Statistics Canada
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Provinces and manufacturing

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Students will examine data on manufacturing in Canada between 1900 and 1954 from various online editions of the Canada Year Book. They will reach conclusions about the manufacturing heartland in Canada during the first half of the 20th century, and use their research to create a concept poster. The theme of the poster is "Manufacturing's heartland—changing or staying the same?"


  • To locate relevant information using historical documents.
  • To analyse, classify and interpret information from historical sources.
  • To read a variety of graphs, charts and tables for specific purposes.
  • To use vocabulary specific to the topic.
  • To make inferences and draw conclusions.
  • To brainstorm ideas for a concept poster.
  • To communicate information and understanding using a concept poster.
  • To demonstrate understanding that the manufacturing heartland of Canada during the first half of the 20th century was in Ontario and Quebec, and that different datasets lead to the same conclusion.

Suggested grade level and subject areas

History, Social Studies


5 minutes for the introduction (steps 1 and 2)
45 to 55 minutes for worksheets (steps 3 to 6)
30 minutes for concept posters (steps 7 to 9)

Vocabulary (as used in the context of this lesson)

Heartland – most important, central part of a country.
Industrial – relating to manufacturing or business, apart from agriculture and commerce.
Manufacturing – making goods using workers and machinery, usually in a factory—e.g., bicycles, t-shirts, chocolates.
Trend – a general tendency or pattern.


  • class sets of Student worksheet 1, Summary worksheet and evaluation rubric
  • overhead transparency of Student worksheet 1
  • copies of student worksheets 2 and 3
  • computer lab
  • materials for posters (markers, construction paper or Bristol board, etc.).

Canada Year Book resources

1916/1917 (PDF)

1947 (PDF)

1967 (PDF)

Classroom instructions

  1. Present the following outline to the class:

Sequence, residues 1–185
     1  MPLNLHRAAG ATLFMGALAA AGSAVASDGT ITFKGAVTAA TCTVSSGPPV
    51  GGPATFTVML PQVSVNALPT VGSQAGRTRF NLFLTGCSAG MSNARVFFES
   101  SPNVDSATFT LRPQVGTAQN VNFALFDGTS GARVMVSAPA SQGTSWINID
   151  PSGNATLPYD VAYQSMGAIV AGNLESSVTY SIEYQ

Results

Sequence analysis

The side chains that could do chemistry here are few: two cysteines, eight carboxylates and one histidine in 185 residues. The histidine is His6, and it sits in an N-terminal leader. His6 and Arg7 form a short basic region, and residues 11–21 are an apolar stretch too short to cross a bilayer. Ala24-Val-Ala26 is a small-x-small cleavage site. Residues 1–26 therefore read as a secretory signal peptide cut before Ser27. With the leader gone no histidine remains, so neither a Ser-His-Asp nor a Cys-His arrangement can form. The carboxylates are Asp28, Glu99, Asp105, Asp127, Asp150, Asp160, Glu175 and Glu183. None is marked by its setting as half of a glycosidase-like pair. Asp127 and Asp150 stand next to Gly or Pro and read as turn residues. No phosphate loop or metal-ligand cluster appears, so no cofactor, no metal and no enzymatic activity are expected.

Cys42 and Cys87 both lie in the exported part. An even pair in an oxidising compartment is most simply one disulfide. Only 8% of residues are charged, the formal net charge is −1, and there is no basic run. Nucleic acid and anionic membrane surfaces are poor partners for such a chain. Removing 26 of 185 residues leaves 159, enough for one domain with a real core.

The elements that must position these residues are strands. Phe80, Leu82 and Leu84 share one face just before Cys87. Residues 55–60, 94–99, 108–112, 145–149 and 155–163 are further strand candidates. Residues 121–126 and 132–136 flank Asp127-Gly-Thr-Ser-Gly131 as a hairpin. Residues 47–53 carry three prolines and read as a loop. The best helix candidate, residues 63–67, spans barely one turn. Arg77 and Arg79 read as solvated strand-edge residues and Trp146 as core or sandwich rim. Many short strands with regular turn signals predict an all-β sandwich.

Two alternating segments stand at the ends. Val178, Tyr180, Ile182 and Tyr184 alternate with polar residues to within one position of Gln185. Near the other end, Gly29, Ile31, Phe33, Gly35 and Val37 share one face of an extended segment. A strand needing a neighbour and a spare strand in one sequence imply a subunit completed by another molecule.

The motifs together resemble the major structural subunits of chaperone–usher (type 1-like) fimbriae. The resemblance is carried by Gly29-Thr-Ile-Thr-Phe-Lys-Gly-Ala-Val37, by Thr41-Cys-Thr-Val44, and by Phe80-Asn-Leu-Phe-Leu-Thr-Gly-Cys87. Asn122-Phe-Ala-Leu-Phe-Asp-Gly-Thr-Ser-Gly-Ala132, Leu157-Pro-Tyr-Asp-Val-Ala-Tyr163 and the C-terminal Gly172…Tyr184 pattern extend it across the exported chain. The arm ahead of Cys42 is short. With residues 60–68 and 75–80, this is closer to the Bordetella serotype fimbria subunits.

1. We are trying to find the provinces where it was easiest to get a manufacturing job during the period from 1900 to 1964.
    2. We will go to the computer lab and look in the various online editions of the Canada Year Book for information.
    3. We will develop some conclusions together.
    4. We will create a concept poster.
  2. Review the definition of 'manufacturing' and present the class with this challenge:

    What is manufacturing? Where does it often take place? Are factories typically in urban or suburban areas? What products do you see around you right now that were made in a factory? Checking the "Made in…" labels, find out where the factories that made them are located. Are most of them in Canada or elsewhere? Who knows someone who works in a factory? Do you think that there used to be more or fewer manufacturing jobs than there are today in Canada?

    Suppose you are a Canadian looking for a factory job during the period from 1900 to 1964. Which provinces do you think might give you the best chance of getting a factory job?

    Let's test our guesses using the various online editions of the Canada Year Book.

  3. Ask students to find the Statistics Canada website and locate the bar graph on page 565 in the Canada Year Book 1947.
  4. Hand each student a copy of Student worksheet 1 and put a transparency on the overhead projector. Direct students to find information on the bar graph to complete the worksheet. Go through the questions with the class on the overhead transparency.
  5. Divide the class into two groups and distribute Student worksheet 2 to one group and Student worksheet 3 to the other group.
  6. When all groups have found their data and finished their summaries, use the Summary worksheet to summarize all data. Focus questions on what picture the students see in the data.
  7. Provide support for students' concept poster project. Brainstorm items and format for posters:

    We are trying to show that the industrial heartland of Canada was in Ontario and Quebec from 1917 to 1964, despite growth and change in numbers of workers, value of goods produced and number of factories in other provinces. Your concept poster should include basic information on the number of manufacturing establishments and employees, values of shipments, and wages and salaries to illustrate how the industrial heartland of Canada remained in Ontario and Quebec from 1917 to 1964.

    Brainstorming will bring out some appropriate ways to illustrate your main idea. For example, you can show parts of the graph on page 565, examples of manufacturing sectors and graphic representations of numbers of factories or numbers of workers.

  8. Go over the evaluation rubric with the class so that students are aware of the expectations for their work.
  9. To find more about the people who worked in the factories and their lives, concerns, rights, victories and defeats, send students to the website, where they can use the Canadian Encyclopedia online, or to the Library and Archives Canada website to view photos and other documents online.


Students could investigate the state of manufacturing in Canada today and make some comparisons with the past in Canada and with other countries today (e.g., China, Japan, Brazil, Mexico, United States) using online databases.